A Richmond mother has been indicted on a charge of first-degree criminal abuse in connection with injuries her baby suffered during the first year and a half of his life.
The charge carries a possible sentence of five to 10 years in prison.
Police began investigating Kayleigh Norris, 22, when a toddler was treated June 9 at Pattie A. Clay Hospital (now Baptist Health Richmond) for a suspicious bone fracture, according to a Richmond Police Department report.
The child, who the indictment identified as Norris’ son, had a broken humerus, the police reported.
The investigation revealed the child had suffered two previous broken bones while he was in Norris’ care, according to the RPD.
The indictment document does not indicate whether Norris injured the child or someone else did. It states she committed the offense by “intentionally abusing her son … or permitting him to be abused by another, thereby subjecting him to torture and cruel punishment and causing a serious physical injury.”
The indictment states the abuse occurred some time between the date of the child’s birth and June 9.
Norris was arrested Jan. 30 and was released the next day on a $25,000 cash bond.
• Jessica Powell, second-degree criminal possession of a forged instrument and theft by deception. Powell faces a maximum of 10 years if convicted of both charges.
• Tamara Marie Minguela and Jason Arthur Rhorer, first-degree trafficking in a controlled substance (oxycodone).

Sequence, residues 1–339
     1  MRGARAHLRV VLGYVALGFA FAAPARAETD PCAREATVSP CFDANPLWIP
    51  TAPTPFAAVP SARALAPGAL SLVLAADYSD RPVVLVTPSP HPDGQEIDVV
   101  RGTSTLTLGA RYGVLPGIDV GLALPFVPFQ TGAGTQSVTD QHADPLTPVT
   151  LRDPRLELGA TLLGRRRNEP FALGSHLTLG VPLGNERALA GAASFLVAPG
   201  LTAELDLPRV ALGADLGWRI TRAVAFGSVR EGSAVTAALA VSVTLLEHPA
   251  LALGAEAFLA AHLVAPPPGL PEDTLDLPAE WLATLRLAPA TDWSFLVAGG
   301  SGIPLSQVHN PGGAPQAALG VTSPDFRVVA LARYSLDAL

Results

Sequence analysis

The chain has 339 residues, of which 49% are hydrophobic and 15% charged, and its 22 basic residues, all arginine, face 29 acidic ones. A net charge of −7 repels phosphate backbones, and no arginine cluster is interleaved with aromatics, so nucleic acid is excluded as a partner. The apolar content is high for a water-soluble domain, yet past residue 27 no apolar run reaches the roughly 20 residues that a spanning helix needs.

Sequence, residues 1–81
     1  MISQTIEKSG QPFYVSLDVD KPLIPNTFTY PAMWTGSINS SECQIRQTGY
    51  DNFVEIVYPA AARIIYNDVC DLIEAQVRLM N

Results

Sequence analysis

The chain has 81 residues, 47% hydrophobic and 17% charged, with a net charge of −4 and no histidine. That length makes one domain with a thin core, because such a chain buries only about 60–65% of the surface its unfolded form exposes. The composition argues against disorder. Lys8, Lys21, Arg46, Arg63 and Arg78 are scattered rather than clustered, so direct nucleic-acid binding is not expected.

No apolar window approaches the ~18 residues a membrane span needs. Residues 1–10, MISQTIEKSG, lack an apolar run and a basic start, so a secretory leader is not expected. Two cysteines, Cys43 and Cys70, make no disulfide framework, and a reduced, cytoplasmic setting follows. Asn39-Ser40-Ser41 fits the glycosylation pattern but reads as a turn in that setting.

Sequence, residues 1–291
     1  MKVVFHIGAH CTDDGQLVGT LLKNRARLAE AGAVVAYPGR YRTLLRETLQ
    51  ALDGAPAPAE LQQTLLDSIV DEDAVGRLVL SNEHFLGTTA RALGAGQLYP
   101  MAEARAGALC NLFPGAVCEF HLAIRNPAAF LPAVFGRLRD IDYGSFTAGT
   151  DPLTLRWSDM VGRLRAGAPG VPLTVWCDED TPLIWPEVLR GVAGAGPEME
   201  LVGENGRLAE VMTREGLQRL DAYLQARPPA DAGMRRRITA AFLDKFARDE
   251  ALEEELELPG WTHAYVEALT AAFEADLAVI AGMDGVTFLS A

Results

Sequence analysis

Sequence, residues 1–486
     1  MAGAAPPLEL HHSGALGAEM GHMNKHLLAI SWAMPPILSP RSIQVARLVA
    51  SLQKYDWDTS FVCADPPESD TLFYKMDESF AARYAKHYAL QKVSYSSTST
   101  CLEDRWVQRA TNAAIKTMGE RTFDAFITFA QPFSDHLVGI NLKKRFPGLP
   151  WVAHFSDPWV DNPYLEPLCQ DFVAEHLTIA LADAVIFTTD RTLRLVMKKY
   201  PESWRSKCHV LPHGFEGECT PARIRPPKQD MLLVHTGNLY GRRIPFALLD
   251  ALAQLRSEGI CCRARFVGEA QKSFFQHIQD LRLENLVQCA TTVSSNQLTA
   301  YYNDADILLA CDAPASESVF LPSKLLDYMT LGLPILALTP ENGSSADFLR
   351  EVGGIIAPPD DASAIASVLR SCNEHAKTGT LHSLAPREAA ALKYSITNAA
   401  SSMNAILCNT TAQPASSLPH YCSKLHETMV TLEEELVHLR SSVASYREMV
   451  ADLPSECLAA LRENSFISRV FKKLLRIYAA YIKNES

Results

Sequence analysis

• Deshawn Booth, first-degree trafficking in a controlled substance and tampering with physical evidence.
• Jonathan Lee Bearc, Ronald D. Seaborn and Derek R. Damrell, manufacturing methamphetamine. Damrell also was indicted as a second-degree persistent felony offender. Manufacturing meth is a Class B felony, punishable by 10 to 20 years in prison. If convicted as a persistent felony offender, Damrell could face 20 to 50 years in prison.
• Carolyn Sue Horn, second-degree trafficking in a controlled substance (hydrocodone).
• Misty Melton and James H. Hobbs, theft by unlawful taking (more than $500). The maximum sentence for the charge is five years in prison.
• James H. Hobbs, first-degree bail jumping. The charge is a Class D felony, which carries a sentence of one to five years in prison.
• Amanda J. Babcock, Samantha L. Elam and David N. Rigel, theft by unlawful taking (more than $500). The charge carries a sentence of one to five years in prison.
An indictment is a formal statement of charges and does not imply guilt, only the grand jurors believe the state has enough evidence to prosecute.
Sarah Hogsed can be reached at email@example.com or 624-6694.